THE TRUMP TANTRUM DAY 2. Speaker Nancy Pelosi (D-CA) told her Democratic colleagues Thursday that President Trump “wants to be impeached” so that he can be vindicated by the Senate, NBC News reports. Pelosi also called Trump’s actions “villainous.”
Pelosi then said in a press conference Thursday that Donald Trump needs “an intervention” after his latest “temper tantum” at the White House, ratcheting up her criticism of a president she says is not fit for office, Politico reports. Said Pelosi: “I wish that his family or his administration or his staff would have an intervention for the good of the country.”
She added: “What goes on there? Who’s in charge? And he says he’s in charge. And I suspect that he may be. And I suspect he may be even more since yesterday, because I don’t think that any responsible assistant to the president of the United States would have advised him to do what he did yesterday.”
Senate Minority Leader Charles Schumer (D-NY) blasted President Trump as “an erratic, helter-skelter, get-nothing-done president,” as a war of words spilled into a second day over an aborted meeting on the nation’s infrastructure, the Washington Post reports. Schumer said “the show” put on by Trump on Wednesday was intended as a “coverup” of his administration’s inability to work with Congress on legislative priorities such as infrastructure. Said Schumer: “If he were smart, he’d sit down with us. We want to do this, and he’s incapable of it.”
Trump then held a deranged press conference where he repeatedly attacked Pelosi and her supposed lack of intelligence, once again claiming that he was calm and a very stable genius. You can tell when Trump knows he has been made to look like a fool by someone. He goes nuts on that person, this time it’s Pelosi. Also, if you have to say you were extremely calm repeatedly throughout the day, and then demand your aides back you up in a live press conference, chances are you were not and are not calm.
“President Trump has personally and repeatedly urged the head of the U.S. Army Corps of Engineers to award a border wall contract to a North Dakota construction firm whose top executive is a GOP donor and frequent guest on Fox News,” the Washington Post reports.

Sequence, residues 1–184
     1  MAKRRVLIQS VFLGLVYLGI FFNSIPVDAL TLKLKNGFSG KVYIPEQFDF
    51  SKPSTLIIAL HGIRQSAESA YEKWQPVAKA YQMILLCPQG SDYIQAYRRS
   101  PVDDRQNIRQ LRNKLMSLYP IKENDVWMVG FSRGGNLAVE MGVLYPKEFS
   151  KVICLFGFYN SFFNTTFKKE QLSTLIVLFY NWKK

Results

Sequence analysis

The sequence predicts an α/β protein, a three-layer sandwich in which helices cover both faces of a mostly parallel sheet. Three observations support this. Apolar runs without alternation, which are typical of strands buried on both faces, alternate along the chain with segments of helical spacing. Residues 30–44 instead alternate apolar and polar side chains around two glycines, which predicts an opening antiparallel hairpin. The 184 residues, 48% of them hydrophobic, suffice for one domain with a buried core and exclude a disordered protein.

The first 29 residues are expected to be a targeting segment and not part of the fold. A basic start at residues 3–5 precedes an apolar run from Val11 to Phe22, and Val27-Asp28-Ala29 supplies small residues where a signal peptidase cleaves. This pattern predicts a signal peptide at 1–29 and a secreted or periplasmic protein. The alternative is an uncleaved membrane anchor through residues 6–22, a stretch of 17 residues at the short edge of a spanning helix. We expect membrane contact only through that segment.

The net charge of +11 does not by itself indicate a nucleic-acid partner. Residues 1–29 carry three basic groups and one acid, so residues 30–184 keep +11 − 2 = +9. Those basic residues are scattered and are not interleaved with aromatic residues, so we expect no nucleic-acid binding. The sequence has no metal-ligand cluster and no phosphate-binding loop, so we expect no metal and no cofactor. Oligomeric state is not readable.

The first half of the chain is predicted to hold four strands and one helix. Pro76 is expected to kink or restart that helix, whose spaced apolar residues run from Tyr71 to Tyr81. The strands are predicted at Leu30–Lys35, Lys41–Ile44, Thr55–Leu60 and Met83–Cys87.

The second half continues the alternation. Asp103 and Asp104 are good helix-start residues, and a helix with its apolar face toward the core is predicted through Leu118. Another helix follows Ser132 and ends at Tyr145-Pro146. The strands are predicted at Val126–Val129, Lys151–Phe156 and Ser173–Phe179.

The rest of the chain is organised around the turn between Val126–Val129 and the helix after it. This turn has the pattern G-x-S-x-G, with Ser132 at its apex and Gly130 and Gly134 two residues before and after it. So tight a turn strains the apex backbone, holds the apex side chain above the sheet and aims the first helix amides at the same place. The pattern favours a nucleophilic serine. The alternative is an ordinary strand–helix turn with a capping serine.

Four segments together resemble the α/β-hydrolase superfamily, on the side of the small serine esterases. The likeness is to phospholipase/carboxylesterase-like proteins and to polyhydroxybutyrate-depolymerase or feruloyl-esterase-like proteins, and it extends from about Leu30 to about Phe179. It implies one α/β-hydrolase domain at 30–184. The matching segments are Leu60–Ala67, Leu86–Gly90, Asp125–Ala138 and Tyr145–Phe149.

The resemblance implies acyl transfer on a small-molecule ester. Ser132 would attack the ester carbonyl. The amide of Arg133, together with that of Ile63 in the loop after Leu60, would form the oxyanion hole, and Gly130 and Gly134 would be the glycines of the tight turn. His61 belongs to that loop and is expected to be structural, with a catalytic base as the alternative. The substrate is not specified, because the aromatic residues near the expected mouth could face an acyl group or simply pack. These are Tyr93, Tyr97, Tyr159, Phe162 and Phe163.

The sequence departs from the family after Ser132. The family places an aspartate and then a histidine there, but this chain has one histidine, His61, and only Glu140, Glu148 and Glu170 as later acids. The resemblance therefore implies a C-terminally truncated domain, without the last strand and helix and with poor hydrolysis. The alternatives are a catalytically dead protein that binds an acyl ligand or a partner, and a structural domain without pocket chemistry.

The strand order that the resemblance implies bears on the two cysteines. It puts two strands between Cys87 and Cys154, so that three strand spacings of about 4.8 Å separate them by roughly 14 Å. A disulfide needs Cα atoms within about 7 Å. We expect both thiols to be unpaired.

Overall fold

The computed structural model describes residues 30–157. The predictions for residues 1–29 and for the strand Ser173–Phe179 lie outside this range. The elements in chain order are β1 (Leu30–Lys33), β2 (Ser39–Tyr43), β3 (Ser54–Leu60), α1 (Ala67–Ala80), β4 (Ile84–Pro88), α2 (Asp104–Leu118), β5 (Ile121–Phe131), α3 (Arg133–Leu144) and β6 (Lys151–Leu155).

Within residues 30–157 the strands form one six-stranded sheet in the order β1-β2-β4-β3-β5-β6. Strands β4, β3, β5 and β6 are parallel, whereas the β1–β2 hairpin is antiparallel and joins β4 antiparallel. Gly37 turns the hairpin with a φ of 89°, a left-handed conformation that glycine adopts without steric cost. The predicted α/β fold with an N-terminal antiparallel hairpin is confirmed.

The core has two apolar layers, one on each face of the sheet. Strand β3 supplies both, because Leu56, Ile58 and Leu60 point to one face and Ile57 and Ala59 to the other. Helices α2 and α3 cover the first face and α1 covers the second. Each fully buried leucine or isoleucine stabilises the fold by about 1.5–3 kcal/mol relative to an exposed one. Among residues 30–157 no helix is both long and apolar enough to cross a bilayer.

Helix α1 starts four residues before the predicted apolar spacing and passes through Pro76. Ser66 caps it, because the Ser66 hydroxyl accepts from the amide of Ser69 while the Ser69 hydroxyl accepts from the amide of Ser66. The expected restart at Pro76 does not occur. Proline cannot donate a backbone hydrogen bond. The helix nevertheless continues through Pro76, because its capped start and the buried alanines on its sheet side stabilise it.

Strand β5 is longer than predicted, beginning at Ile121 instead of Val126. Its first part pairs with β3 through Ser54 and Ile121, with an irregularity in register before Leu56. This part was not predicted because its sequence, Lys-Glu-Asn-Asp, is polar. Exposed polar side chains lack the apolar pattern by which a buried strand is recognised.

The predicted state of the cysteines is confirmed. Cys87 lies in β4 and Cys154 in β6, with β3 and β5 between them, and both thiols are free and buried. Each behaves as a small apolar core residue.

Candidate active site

“President Trump ordered all intelligence agencies late Thursday evening to assist Attorney General William Barr in his review of surveillance issues surrounding Trump’s 2016 presidential campaign, delegating significant authority to Barr to declassify intelligence documents as the attorney general sees fit,” CNN reports.
“Barr is working closely with the heads of the CIA, the FBI and the Office of the Director of National Intelligence to review the origins of the Russia investigation — an effort the President had long demanded.”
“Julian Assange, the WikiLeaks leader, has been indicted on 17 new counts of violating the Espionage Act for his role in publishing classified military and diplomatic documents in 2010, the Justice Department announced on Thursday — a novel case that raises profound First Amendment issues,” the New York Times reports.
“The new charges were part of a superseding indictment obtained by the Trump administration that significantly expanded the legal case against Mr. Assange, who is already fighting extradition proceedings in London based on an earlier hacking-related count brought by federal prosecutors in Northern Virginia.”
The Daily Beast called it a “stunning escalation of the Trump administration’s war on the press.”
I have no tears for Assange. He is a Russian asset who attacked the United States and installed a fellow Russian asset as our President. I hope he dies in prison.
First Read: “By telling Democrats that he won’t work on items like infrastructure until they end their investigations into him, President Trump on Wednesday took ownership of Washington’s gridlock.”
“That’s a dangerous place for any American president, especially one facing re-election a year from now. In fact, it’s pretty similar to when Trump took ownership of a government shutdown in that meeting last December with Nancy Pelosi and Chuck Schumer.”
“It’s a given that it’s more difficult to get things done in Washington when there’s divided government… Trying makes it easier to at least share the gridlock. Not trying, however, makes you own it.”